Recommended Research Literature
At a time when college enrollment rates for low income and under-represented students are far below those of non-minority students, policies and practices designed to increase access should be a priority for colleges, universities, high schools, and community agencies. Increasing Access to College examines pre-college enrichment programs that offer a specific and immediate remedy (Google Books).
In a radical analysis of contemporary classrooms, MacArthur Award-winning author Lisa Delpit develops ideas about ways teachers can be better “cultural transmitters” in the classroom, where prejudice, stereotypes, and cultural assumptions breed ineffective education. Delpit suggests that many academic problems attributed to children of color are actually the result of miscommunication, as primarily white teachers and “other people’s children” struggle with the imbalance of power and the dynamics plaguing our system (Google Books).
Paul Bambrick-Santoyo (Managing Director of Uncommon Schools) shows leaders how they can raise their schools to greatness by following a core set of principles. These seven principles, or “levers,” allow for consistent, transformational, and replicable growth. With intentional focus on these areas, leaders will leverage much more learning from the same amount of time investment. Fundamentally, each of these seven levers answers the core questions of school leadership: What should an effective leader do, and how and when should they do it (Google Books).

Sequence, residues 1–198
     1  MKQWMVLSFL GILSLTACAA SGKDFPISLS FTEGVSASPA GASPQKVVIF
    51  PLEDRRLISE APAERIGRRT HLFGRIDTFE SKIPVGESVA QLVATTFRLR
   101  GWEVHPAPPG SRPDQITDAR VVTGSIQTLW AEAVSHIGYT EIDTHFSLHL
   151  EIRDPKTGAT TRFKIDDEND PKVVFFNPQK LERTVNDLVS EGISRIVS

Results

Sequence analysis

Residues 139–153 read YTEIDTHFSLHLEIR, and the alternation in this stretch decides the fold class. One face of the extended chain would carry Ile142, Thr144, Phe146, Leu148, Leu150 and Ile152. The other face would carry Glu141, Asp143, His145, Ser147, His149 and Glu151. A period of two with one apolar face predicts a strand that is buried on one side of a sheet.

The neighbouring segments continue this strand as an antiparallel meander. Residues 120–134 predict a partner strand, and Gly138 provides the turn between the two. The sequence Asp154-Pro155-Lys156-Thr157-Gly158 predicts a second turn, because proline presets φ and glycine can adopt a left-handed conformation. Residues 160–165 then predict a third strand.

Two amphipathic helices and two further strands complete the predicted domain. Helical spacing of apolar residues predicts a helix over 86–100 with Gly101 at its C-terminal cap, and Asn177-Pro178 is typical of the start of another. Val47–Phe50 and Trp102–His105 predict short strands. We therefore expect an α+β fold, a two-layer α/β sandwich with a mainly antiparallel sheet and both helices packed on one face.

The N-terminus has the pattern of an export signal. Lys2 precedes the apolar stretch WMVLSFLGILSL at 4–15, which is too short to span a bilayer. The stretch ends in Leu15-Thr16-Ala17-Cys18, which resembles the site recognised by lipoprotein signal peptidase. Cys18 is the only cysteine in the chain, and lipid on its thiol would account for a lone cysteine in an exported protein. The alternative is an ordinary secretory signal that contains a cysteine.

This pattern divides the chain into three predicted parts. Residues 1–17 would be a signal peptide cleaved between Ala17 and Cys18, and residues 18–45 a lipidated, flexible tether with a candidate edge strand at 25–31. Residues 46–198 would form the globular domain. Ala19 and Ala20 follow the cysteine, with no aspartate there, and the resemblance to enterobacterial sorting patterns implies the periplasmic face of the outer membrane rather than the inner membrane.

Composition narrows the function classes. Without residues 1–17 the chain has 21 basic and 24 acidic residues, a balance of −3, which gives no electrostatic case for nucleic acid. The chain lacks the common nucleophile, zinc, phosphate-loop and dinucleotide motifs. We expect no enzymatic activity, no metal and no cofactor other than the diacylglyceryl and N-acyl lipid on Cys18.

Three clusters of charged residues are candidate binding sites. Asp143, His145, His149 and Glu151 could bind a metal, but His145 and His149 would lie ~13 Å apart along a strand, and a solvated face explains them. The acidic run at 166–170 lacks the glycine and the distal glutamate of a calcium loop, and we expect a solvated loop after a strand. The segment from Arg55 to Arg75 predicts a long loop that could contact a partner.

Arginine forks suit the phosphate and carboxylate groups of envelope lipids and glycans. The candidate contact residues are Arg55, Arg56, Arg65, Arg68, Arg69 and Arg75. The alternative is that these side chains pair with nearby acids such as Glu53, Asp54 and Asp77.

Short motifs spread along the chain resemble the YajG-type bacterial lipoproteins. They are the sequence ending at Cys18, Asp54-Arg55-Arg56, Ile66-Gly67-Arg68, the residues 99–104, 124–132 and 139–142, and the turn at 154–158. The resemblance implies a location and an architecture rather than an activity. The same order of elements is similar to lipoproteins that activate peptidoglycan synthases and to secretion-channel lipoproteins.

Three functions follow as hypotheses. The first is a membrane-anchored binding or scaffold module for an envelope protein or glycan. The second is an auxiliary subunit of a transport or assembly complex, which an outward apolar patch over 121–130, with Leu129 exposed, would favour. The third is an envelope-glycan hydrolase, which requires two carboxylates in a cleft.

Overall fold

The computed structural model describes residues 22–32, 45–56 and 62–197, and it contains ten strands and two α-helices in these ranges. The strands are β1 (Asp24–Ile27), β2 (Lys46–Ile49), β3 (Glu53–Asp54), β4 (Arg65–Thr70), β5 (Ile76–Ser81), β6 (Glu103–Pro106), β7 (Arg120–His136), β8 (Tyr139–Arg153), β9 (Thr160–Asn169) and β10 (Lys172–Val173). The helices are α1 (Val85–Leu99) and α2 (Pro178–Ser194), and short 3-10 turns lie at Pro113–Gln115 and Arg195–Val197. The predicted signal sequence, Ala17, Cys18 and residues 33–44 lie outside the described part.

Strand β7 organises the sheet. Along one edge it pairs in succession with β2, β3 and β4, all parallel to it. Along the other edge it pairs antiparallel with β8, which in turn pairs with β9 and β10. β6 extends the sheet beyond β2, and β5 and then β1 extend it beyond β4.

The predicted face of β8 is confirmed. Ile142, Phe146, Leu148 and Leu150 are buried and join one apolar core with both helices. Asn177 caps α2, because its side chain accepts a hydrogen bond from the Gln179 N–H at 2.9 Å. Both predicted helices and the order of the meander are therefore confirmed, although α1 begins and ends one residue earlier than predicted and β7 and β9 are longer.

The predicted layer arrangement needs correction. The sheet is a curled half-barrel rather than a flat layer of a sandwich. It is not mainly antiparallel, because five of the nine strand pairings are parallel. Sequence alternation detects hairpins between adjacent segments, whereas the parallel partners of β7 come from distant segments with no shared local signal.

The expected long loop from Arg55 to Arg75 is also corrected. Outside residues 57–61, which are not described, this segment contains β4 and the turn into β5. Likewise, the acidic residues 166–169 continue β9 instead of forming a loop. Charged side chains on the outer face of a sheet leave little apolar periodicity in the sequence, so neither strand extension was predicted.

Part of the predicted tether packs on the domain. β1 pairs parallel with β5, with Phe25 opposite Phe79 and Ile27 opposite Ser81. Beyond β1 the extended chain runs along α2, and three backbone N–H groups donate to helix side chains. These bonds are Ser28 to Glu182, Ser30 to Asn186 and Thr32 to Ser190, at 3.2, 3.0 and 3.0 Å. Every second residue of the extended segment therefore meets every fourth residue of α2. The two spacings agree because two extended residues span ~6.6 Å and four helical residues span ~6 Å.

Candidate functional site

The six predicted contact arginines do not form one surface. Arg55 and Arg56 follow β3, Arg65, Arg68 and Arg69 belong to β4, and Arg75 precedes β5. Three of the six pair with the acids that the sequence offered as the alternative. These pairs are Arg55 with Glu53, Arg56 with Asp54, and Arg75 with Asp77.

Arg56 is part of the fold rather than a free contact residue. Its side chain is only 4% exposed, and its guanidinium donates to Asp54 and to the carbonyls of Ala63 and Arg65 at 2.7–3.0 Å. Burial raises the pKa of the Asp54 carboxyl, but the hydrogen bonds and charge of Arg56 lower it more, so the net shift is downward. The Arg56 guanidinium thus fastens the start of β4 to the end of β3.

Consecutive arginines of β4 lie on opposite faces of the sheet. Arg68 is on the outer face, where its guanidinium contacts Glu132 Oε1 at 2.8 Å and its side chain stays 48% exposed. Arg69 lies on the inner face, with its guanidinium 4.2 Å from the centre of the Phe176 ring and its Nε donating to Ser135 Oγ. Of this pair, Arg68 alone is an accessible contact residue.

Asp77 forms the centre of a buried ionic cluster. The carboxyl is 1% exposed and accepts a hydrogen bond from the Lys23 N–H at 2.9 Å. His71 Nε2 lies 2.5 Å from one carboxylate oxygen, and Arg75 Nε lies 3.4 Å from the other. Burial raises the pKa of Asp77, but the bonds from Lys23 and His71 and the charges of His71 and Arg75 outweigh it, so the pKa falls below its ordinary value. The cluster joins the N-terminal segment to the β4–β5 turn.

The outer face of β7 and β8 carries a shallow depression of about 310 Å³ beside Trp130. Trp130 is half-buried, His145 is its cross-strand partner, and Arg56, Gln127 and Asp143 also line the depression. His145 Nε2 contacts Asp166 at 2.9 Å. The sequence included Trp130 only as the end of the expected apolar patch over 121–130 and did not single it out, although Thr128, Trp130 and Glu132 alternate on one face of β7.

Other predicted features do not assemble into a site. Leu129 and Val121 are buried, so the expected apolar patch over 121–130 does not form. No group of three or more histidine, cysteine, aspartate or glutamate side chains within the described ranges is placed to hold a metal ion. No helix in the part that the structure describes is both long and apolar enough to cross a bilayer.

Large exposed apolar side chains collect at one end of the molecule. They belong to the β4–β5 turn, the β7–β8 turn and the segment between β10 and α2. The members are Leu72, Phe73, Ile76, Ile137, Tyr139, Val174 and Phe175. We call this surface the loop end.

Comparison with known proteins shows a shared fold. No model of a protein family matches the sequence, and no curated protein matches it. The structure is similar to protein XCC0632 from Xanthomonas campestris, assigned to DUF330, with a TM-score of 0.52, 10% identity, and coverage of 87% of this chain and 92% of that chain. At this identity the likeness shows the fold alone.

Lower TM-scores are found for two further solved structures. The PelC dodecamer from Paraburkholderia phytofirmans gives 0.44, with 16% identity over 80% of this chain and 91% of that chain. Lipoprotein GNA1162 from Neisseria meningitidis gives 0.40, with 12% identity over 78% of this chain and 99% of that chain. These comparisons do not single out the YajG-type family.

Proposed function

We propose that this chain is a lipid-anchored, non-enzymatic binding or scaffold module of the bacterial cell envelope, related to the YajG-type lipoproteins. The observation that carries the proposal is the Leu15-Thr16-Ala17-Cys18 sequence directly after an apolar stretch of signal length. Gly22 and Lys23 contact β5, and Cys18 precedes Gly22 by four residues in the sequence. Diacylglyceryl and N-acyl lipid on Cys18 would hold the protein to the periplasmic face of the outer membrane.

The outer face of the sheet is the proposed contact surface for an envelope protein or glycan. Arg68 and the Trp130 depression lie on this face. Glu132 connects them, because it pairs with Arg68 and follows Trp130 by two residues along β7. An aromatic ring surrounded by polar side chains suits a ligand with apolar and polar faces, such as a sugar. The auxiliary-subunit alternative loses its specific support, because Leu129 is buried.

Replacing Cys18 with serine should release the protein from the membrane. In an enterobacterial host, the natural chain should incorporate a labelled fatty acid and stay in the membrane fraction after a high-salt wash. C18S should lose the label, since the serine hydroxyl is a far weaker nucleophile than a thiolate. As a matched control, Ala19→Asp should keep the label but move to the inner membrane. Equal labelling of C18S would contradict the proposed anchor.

When students believe they can that dedication and hard work can change their performance in school, they grow to become resilient, successful students. Inspired by the popular mindset idea that hard work and effort can lead to success, Mindsets in the Classroom provides educators with ideas for ways to build a growth mindset school culture, wherein students are challenged to change their thinking about their abilities and potential. The book includes a planning template, step-by-step description of a growth mindset culture, and “look-fors” for adopting a differentiated, responsive instruction model teachers can use immediately in their classrooms (Google Books).
Providing easy-to-use alternatives to the “stand and deliver” approach to teaching that causes so many students to tune out–or even drop out–Total Participation Techniques presents dozens of ways to engage K-12 students in active learning and allow them to demonstrate the depth of their knowledge and understanding. The authors, Pérsida Himmele and William Himmele, explain both the why and the how of Total Participation Techniques (TPTs) as they explore the high cost of student disengagement, place TPTs in the context of higher-order thinking and formative assessments, and demonstrate how to create a “TPT-conducive classroom.” (Google Books).